San Diego Zoo Global Launches Site to "Crowdsource" Conservation
Wildwatch Kenya Invites the Public to Help Researchers Track Giraffes and Other Wildlife—on a Computer Screen
San Diego Zoo Global, today, introduced a new project that gives everyone with a computer or smartphone the opportunity to play a significant role in wildlife conservation research—and the good news is, an advanced science degree is not needed. Starting now, people around the world can help conserve giraffes and other wildlife by participating in an online crowdsourcing project called Wildwatch Kenya on Zooniverse—the largest online platform for crowdsourced volunteer research. Participants will get the chance to sort through thousands of trail camera photos—normally only seen by conservationists—to help identify and track giraffes and other wildlife throughout northern Kenya.
“We need help counting, identifying and tracking the giraffes and other wildlife in the photos,” said David O’Connor, researcher and conservation ecologist for San Diego Zoo Global. “Inviting the public to help is key to organizing the data, which is vital to the success of our conservation projects. It also provides a chance for people to do important work to help save species.”
More than 1 million images have been captured in the field within the past year, through a network of more than 100 motion-activated cameras in the East African nation. After collecting the photos, researchers would normally catalog each image, identifying and counting the animals pictured—a task that could take them years to complete. Wildwatch Kenya allows the public to help, which will save valuable time and allow scientists to move forward with their conservation work much faster.
The Wildwatch Kenya site was created using Zooniverse's free Project Builder tool at zooniverse.org/lab, and anyone who wishes to participate can do so by visiting WildwatchKenya.org. Volunteers will be asked to identify what is pictured in a new trail photo by choosing from an animal list or indicating that no animal is pictured. Initially, more than 20,000 field photographs will be available for public viewing, and more will be added soon. Each image will eventually be viewed by multiple volunteers, to ensure that photos that are not needed are filtered out.
This crowdsourcing project is part of an overall effort by scientists to gather more information on giraffes. Earlier this month, a team of conservationists made up of personnel from the Giraffe Conservation Foundation, Northern Rangelands Trust, Kenya Wildlife Service, The Nature Conservancy, Loisaba Conservancy, the Smithsonian Institution, Lewa Wildlife Conservancy, Senckenberg BiK-F, Goethe University, and San Diego Zoo Global fitted 11 reticulated giraffes in the region with small solar-powered GPS tracking devices made by Savannah Tracking. This unprecedented project will provide real-time data on giraffe movements, the size of their home ranges, where they travel during seasons and the travel corridors they use. This information could assist community conservancies in developing better strategies for managing their lands and livestock, while also expanding the frontiers of giraffe science.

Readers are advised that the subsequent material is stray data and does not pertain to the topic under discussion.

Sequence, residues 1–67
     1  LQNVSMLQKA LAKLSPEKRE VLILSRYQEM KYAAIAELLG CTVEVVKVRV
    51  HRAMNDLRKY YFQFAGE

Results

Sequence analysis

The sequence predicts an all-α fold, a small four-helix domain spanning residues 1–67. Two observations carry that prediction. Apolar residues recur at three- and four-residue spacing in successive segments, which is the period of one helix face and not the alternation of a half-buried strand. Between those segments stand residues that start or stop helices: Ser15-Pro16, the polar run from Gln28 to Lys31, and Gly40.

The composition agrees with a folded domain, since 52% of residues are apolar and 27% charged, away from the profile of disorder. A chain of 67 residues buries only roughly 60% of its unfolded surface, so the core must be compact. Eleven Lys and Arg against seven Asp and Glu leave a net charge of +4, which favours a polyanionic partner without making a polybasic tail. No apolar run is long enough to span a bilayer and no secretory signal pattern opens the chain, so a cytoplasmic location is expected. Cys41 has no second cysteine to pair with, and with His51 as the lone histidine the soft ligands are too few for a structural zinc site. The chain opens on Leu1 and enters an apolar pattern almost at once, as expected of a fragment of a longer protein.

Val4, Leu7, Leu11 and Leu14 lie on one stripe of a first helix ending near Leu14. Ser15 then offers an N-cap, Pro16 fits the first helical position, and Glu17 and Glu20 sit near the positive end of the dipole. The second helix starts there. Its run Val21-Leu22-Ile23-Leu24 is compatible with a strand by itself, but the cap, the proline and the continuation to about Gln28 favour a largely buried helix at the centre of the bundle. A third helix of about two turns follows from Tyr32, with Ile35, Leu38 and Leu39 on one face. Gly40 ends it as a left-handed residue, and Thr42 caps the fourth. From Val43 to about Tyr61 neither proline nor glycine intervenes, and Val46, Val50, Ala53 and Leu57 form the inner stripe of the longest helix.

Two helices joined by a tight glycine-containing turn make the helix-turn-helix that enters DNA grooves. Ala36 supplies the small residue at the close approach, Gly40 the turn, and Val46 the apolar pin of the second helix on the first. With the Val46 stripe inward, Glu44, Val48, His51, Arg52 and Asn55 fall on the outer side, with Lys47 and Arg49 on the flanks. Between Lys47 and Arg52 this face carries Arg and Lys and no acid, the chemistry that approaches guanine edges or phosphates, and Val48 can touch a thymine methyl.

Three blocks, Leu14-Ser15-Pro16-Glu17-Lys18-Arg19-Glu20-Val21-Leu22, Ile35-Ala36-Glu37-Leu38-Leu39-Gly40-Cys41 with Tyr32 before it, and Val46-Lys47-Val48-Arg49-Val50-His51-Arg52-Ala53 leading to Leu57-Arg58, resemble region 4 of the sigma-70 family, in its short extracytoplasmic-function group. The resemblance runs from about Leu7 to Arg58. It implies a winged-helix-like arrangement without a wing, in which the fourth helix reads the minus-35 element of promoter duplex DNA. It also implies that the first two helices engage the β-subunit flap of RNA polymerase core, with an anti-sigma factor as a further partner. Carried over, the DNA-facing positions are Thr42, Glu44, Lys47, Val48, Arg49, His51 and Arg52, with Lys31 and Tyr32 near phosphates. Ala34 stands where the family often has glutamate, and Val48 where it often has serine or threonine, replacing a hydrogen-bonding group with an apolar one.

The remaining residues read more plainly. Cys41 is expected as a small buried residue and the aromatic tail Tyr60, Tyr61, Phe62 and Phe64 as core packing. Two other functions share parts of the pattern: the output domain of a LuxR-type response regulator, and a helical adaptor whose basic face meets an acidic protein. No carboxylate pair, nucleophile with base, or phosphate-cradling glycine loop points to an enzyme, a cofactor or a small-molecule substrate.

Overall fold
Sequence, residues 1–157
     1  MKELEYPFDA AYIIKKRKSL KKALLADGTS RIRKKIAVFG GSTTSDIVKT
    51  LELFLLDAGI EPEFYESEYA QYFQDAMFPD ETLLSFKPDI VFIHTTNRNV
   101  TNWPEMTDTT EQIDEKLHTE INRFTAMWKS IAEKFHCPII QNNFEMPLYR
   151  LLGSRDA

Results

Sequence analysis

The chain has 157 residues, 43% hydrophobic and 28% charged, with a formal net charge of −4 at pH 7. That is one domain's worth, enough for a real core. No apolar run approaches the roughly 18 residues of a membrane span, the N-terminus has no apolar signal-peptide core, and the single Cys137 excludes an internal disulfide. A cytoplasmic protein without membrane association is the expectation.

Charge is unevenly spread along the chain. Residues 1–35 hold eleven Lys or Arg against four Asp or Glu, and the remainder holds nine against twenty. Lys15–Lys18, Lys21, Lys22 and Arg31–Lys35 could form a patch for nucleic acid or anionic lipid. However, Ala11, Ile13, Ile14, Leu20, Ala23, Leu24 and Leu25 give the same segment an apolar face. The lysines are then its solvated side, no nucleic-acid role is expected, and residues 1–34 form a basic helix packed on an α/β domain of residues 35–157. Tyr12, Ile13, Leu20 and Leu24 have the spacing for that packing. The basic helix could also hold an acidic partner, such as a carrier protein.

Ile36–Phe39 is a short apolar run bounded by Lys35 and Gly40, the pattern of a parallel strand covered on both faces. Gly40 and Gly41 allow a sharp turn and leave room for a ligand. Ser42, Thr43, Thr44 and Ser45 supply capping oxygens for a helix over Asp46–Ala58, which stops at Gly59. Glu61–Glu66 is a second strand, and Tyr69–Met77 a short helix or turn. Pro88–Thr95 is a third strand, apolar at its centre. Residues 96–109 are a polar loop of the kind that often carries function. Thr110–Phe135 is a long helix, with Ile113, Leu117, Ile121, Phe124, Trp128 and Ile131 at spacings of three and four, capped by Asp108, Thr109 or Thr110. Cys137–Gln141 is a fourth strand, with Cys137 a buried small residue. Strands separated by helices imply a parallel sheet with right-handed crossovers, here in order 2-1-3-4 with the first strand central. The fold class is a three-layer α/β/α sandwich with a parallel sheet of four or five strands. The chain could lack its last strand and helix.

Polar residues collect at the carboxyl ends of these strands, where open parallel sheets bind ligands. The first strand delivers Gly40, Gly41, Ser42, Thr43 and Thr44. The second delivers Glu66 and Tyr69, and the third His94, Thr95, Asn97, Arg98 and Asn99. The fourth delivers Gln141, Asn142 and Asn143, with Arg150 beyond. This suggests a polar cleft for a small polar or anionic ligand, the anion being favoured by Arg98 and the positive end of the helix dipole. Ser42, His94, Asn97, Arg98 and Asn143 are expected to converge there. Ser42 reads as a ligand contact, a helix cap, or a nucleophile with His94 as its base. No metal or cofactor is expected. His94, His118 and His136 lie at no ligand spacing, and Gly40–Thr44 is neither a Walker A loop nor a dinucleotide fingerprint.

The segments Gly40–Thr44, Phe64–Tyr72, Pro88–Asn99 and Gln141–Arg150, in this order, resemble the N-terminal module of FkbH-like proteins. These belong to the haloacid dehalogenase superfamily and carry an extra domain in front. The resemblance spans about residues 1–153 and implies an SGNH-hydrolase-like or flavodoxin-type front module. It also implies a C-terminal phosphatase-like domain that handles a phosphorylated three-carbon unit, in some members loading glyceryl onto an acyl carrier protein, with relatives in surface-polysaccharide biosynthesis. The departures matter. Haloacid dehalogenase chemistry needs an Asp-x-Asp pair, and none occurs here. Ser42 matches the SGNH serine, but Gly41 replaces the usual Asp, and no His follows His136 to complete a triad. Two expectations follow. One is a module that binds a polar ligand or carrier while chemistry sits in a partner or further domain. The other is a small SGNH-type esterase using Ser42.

Over the past few years, conservationists have worked tirelessly to track and count giraffe species—analyzing existing data and conducting giraffe counts. Assessing giraffe populations can be challenging and expensive work, requiring aerial surveys and long hours in the field monitoring and counting giraffes, often in remote areas with rough terrain. Through these efforts, researchers have discovered that the world’s population of giraffes continues to decline at an alarming rate, with just under 100,000 individuals left in their native habitats. That is a decrease of nearly 40 percent over the last 20 years. These findings led the International Union for Conservation of Nature (IUCN) to change giraffes’ status last year to Vulnerable, on the IUCN Red List of Threatened Species.
Scientists believe the startling downward trend is due to poaching, habitat loss, habitat fragmentation and disease—leading to situations where certain giraffe subpopulations have decreased so rapidly, they are now extinct in seven African nations. San Diego Zoo Global has partnered with the Giraffe Conservation Foundation, Northern Rangelands Trust, Kenya Wildlife Service and The Nature Conservancy, as well as other conservation organizations, to help reverse this trend in East Africa through the creation of community-based conservation projects with Kenyan pastoralists.
“Community conservancies are where we’re seeing strong signs of hope with increasing giraffe population numbers,” said O’Connor. “We are working hard to support those conservancies and the people that coexist with giraffes, to assist their incredible efforts on the front lines.”